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Jose Reyes was the Mets top vote-getter for the Marvin Miller Man of the Year Award

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Correction: An earlier version of this story said that the Mets “nominated” Jose Reyes for the Marvin Miller Award. That was not accurate. What the MLBPA announcement today reflected was that, among league-wide voting — not just Mets voting, but voting among all MLB players — Reyes received the most votes out of any New York Mets player. While it is still perplexing that anyone would consider Reyes worthy of being honored for his “inspirational” qualities and “contribution to his community” given his track record, it is different to say that he received more votes than any of his teammates than it is to say that he was “nominated” by the Mets. 

The Marvin Miller Man of the Year Award is given out each year to the player who “inspires others to higher levels of achievement by their on-field performances and contributions to their communities.” Players are voted on for the award by their fellow major leaguers. Finalists and a winner will be announced later in the year.

There are several of these sorts of awards this time of year and they tend not to get too much notice, but this year one of the Marvin Miller vote-getters should get more notice than usual: it’s Jose Reyes, who was the top vote-getter among Mets players.

Yes, the same Jose Reyes who was arrested and subsequently suspended for allegedly shoving his wife into a sliding glass door after grabbing her around the throat. The police report of the incident, which took place in Hawaii, said that the assault resulted in injuries. Prosecutors ultimately moved dismiss the domestic abuse charges because his wife refused to cooperate as a witness. Major League Baseball ended up suspending him for the first 51 games of the 2016 season.

In other news, Reyes was sued for unpaid child support in 2017. The plaintiff was a woman with whom Reyes had an affair approximately a year after he was married.

That’s worthy of man of the Year votes, huh? Inspires others to higher level of achievement? Contributes to his community?

OK.

Phillies-Mets could get contentious tonight

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As the Mets were wrapping up a 9-0 shellacking of the Phillies on Tuesday night, reliever Jacob Rhame threw a pitch up and in to first baseman Rhys Hoskins with two outs in the ninth inning. The pitch sailed behind Hoskins’ back. The slugger wasn’t happy about the scare, understandably. Players began to trickle out of their respective dugouts, but a fracas was avoided.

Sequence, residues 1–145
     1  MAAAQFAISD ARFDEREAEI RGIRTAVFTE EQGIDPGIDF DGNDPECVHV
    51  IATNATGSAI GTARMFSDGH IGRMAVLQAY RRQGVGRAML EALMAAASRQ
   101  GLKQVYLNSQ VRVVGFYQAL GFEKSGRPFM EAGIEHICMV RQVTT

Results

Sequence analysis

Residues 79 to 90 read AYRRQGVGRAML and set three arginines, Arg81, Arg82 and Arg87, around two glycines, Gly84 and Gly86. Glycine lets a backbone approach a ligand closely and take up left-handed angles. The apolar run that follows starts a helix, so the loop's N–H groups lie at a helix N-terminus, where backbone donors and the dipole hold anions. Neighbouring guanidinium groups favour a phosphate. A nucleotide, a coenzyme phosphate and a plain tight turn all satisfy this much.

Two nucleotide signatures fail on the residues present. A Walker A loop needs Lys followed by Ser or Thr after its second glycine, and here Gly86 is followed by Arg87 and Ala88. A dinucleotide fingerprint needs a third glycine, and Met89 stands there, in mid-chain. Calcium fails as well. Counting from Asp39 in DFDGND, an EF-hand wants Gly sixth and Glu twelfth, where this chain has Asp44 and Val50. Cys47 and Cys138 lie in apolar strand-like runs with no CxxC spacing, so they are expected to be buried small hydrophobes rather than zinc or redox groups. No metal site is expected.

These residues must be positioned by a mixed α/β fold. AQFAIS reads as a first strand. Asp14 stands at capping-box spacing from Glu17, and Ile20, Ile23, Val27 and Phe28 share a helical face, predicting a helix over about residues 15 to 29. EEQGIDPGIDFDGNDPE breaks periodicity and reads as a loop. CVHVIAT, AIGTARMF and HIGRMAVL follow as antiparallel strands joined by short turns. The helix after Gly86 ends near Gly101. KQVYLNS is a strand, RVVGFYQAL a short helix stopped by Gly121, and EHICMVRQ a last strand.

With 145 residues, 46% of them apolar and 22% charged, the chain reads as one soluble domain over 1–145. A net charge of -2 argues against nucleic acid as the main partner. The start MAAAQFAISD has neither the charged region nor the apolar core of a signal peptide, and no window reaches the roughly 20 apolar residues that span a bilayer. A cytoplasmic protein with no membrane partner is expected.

Hoskins was skeptical that Rhame simply missed his spot. Per MLB.com’s Thomas Harrigan, Hoskins said, “He didn’t miss up and in the rest of the inning, so I’ll let you decide. I would assume teams are pitching me in because that’s where they think they can get me out, and that’s fine. That’s part of the game. Again, I think most guys are capable of pitching inside and not missing that bad.”

Teammate Bryce Harper said, “I don’t get it. I understand that two of their guys got hit yesterday. But, I mean, if it’s baseball and you’re going to drill somebody, at least hit him in the [butt]. Not in the head. You throw 98, it’s scary now. You could kill somebody. Lose your eyesight. That’s bigger than the game.”

Indeed, two Mets were hit by pitches on Monday night. José Álvarez hit Jeff McNeil in the seventh inning, which advanced a base runner. In the very next at-bat, Juan Nicasio hit Pete Alonso with a first-pitch fastball. It was obvious neither was intentional as the Phillies were only down two runs and hitting both batters advanced base runners and led to runs scoring. It is less obvious that Rhame’s pitch to Hoskins was unintentional, but he showed empathy in his post-game comments. Rhame said, “When you accidentally sail one, it’s probably pretty scary. I’d get [angry], too.”

Will Wednesday night’s series finale be contentious? Despite being “fairly upset,” Phillies manager Gabe Kapler said, “We do not retaliate, and we do not throw at anybody intentionally,” Jake Seiner of the Associated Press reports.

Mets manager Mickey Calloway didn’t give as straight an answer. Per MLB.com’s Anthony DiComo, Calloway said, “I think at this point, you just go out there and beat people, and win. … For now, I don’t feel like anything has been intentional at us that has warranted anything from our side.” If that changes, however, Calloway said, “They’re going to have each other’s backs.”

Hopefully, neither side decides to take justice into their own hands. But, welcome to the NL East in 2019. The Mets lead the Phillies by one game, and the Braves and Nationals by 1.5 games. It’s going to be a knock-down, drag-out division fight all year long.